Call Me Zebra
After the death of her father, an exiled Iranian man of letters, the bookish twenty-two-year-old Zebra finds herself alone in New York and decides to retrace the steps of her traumatic flight with her family from their homeland in the 1990s, hoping that in the process she will be inspired to write a major manifesto on literature. Her first stop is Barcelona, where she meets the Italian Ludo, who becomes her lover, intellectual sparring partner and travelling companion in her picaresque meanderings around Catalonia.
A natural-born raconteur, Zebra takes the reader on an irresistible journey through her thoughts, as she conceives elaborate theories about art and is increasingly convinced that her mother has been reincarnated as a cockatoo. Sparkling with wit and mischief and brimming with imaginative vignettes and unconventional musings, Call Me Zebra is a riotous, erudite, unpredictable novel about literature, lust and dislocation.
Read an interview with the author here.
Azareen reads from Call Me Zebra
Azareen in interview with her Alma editor
‘It’s all my blood, this black poison! / I am the sinister mirror / Where the Fury sees herself.’ This could also be an ode to the furiously introspective, fiercely literary young narrator of Azareen Van der Vliet Oloomi’s second novel, Call Me Zebra. […] In this ferociously intelligent novel, Van der Vliet Oloomi […] relays Zebra’s brainy, benighted struggles as a tragicomic picaresque whose fervid logic and cerebral whimsy recall the work of Bolaño and Borges.
The New York Times Book Review
Zebra is exile as education, history as passion, life as literature, and literature as death.
Tom McCarthy, author of the Man Booker Prize-finalist Satin Island and Remainder
Oloomi’s rich and delightful novel… crackles throughout with wit and absurdity… [Call Me Zebra] is a sharp and genuinely fun picaresque, employing humor and poignancy side-by-side to tell an original and memorable story.
Publishers Weekly (Starred Review)
A darkly, funny novel… [and] bombastic homage to the metacriticism of Borges, the Romantic absurdity of Cervantes, and the punk-rock autofictions of Kathy Acker… [Call Me Zebra] is a brilliant, demented, and bizarro book that demands and rewards all the attention a reader might dare to give it.
Kirkus Reviews (Starred Review)
A sexy complicated affair... geopolitically savvy.
Acerbic wit and a love of literature color this picaresque novel...By turns, hilarious and poignant, painting a magnetic portrait of a young woman you can’t help but want to know more about.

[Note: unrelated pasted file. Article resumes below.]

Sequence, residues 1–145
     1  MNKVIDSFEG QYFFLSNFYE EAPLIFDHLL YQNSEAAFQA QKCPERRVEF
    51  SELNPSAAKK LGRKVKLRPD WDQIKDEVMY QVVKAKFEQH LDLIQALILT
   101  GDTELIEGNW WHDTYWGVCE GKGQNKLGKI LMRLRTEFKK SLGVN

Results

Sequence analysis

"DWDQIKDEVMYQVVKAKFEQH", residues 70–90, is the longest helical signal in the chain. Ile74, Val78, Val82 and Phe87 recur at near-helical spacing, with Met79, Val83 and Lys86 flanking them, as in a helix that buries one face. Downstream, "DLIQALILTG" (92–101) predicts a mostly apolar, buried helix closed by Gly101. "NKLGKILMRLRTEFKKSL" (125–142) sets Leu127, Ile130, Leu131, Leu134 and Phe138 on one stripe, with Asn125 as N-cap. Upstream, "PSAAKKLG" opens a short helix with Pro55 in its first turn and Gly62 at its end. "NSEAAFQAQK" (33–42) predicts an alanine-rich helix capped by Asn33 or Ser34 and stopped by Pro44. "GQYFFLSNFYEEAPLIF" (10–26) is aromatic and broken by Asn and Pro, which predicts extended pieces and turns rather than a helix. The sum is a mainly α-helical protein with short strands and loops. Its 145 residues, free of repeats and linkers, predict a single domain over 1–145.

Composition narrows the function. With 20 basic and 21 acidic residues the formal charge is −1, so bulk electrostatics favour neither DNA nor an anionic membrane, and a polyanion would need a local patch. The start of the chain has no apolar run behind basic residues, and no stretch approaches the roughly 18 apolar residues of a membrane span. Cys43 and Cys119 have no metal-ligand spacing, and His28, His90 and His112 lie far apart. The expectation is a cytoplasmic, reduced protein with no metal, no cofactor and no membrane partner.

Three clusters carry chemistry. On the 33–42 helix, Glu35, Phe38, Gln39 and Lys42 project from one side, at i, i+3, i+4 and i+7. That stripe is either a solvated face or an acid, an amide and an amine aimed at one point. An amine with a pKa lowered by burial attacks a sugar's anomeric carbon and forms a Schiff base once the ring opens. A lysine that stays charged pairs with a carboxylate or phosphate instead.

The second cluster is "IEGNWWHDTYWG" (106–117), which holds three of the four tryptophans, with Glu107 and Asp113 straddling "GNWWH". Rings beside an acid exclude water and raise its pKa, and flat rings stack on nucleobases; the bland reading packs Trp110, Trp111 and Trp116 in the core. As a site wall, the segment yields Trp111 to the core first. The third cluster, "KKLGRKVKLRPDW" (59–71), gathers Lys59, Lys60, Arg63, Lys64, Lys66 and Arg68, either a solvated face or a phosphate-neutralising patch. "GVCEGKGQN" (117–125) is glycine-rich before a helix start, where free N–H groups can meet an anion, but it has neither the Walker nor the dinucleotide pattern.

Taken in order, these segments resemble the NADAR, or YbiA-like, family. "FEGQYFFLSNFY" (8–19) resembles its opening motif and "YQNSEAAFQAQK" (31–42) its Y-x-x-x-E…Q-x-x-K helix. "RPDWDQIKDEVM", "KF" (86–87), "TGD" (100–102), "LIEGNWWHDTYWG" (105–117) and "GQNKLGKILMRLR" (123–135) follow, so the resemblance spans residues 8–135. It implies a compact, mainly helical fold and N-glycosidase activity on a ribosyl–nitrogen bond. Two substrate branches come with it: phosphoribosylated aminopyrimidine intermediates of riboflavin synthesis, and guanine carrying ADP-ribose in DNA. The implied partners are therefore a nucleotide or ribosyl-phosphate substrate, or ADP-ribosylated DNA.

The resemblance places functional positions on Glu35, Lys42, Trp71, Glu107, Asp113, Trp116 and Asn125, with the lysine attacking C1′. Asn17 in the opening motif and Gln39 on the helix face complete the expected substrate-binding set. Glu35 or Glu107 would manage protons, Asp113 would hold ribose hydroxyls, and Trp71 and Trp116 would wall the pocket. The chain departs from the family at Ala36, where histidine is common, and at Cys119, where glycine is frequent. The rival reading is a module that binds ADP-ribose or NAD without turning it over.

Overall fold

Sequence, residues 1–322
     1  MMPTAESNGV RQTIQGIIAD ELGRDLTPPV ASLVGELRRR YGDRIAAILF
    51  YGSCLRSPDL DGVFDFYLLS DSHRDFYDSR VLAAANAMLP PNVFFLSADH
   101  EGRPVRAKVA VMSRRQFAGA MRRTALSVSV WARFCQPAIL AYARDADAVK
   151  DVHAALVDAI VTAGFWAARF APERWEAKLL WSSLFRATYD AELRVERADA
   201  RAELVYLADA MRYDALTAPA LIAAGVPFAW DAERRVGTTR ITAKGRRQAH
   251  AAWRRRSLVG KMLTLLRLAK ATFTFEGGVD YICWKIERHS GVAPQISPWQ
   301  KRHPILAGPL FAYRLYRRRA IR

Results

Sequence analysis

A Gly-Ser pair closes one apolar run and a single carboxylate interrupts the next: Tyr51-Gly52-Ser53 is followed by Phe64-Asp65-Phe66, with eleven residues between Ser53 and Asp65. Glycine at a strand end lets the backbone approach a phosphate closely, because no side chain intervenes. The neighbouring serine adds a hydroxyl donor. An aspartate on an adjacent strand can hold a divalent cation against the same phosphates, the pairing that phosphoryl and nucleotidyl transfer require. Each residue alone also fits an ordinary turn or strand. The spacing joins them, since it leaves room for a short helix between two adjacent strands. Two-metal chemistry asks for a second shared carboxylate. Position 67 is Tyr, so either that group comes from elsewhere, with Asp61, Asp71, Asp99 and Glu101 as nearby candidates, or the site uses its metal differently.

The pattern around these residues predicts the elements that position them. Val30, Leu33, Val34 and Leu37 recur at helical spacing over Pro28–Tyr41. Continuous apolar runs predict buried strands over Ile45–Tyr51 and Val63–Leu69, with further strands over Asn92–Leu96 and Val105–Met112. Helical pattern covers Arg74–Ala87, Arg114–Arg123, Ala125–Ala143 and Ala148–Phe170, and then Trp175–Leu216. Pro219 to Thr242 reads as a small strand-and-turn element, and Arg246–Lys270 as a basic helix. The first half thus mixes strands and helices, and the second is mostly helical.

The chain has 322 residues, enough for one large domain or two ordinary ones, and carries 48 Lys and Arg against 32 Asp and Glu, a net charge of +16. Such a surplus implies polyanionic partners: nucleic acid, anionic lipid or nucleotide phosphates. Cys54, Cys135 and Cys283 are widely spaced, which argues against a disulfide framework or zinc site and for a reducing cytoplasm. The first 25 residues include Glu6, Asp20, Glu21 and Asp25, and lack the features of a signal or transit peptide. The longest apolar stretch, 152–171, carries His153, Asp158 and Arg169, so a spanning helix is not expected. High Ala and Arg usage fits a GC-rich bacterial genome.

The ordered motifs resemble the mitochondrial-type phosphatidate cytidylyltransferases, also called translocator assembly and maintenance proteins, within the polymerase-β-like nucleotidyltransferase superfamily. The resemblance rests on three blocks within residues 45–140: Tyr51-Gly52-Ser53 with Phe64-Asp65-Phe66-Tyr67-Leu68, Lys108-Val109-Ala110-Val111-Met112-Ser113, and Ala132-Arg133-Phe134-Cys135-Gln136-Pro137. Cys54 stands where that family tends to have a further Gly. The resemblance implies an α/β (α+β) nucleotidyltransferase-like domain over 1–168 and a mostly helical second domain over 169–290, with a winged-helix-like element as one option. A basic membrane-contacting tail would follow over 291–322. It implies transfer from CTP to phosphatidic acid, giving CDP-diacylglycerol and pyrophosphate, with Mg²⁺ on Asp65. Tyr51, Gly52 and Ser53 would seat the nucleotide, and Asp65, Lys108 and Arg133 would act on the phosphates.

What Maggie Nelson’s The Argonauts did for gender and sexuality, Call Me Zebra does for the experience of exile.
The Los Angeles Review of Books
A major work on the importance of literature.
The Boston Globe
Hearken ye fellow misfits, migrants, outcasts, squint-eyed bibliophiles, library-haunters and book stall-stalkers: Here is a novel for you.
The Wall Street Journal
This book will blow you away. Call Me Zebra is likely to be every book nerd’s bizarre dream.
Filled with literature, art and sex, Call Me Zebra is rambling and picaresque, as quirky and funny as its rambunctious narrator. Call Me Zebra is a grand story, but as Zebra describes herself when looking in a mirror, it is also as troubling as literature, as disquieting as language itself.
This fierce meditation, a heady review of literature and philosophy as well as a love story, is a tour de force from the author of Fra Keeler that many will read and reread.
There’s something really radical about this epic and ecstatic quest. It’s in the tradition of Cervantes’ ingenious nobleman, but also deeply in conversation with Borges’s Pierre Menard and Kathy Acker’s own Don Quixote. The young female narrator of Call Me Zebra luxuriates in the tradition of Enrique Vila-Matas’s literary sickness, or Kafka writing that he is made entirely of literature. A hilarious picaresque, perverse and voracious.
Kate Zambreno, author of Green Girl
A penniless orphaned refugee, Zebra knows she can count on two things: literature and death. She builds a fortress out of both, surviving on fury, on memories and manifestos, until life begins to break through. Can Zebra handle life? Can literature handle Zebra? Reader, go find out! Call Me Zebra is like nothing else I've read, geo-political and bookish and sexy, quite refreshingly nuts and yet a ripping good read. Also, there's a stolen bird! I'd say I couldn't put it down, but Zebra would never approve a cliché, so I'll pay it a compliment she might actually accept: this book metabolized me.
Danielle Dutton, author of Margaret the First
This novel is not about a zebra but about a whole sharp, amazing, malicious and wicked zoo. Please enjoy responsibly.
Quim Monzó, author of A Thousand Morons and supporting character in the novel Call Me Zebra
An arresting exploration of grief alongside a powder keg of a romance.
Azareen Van der Vliet Oloomi is the author of the novels Fra Keeler and Call Me Zebra, and an Assistant Professor in the M.F.A. Program in Creative Writing at the University of Notre Dame. She is the winner of a 2015 Whiting Writers’ Award, a National Book Foundation “5 Under 35” honoree, and the recipient of a Fulbright Fellowship, as well as residency fellowships from MacDowell and Ledig House. Her work has appeared in the Paris Review, Guernica, Granta, BOMB, and elsewhere. She has lived in New York, Los Angeles, Tehran, Dubai, Valencia, Barcelona, and currently splits her time between South Bend, Indiana and Florence, Italy.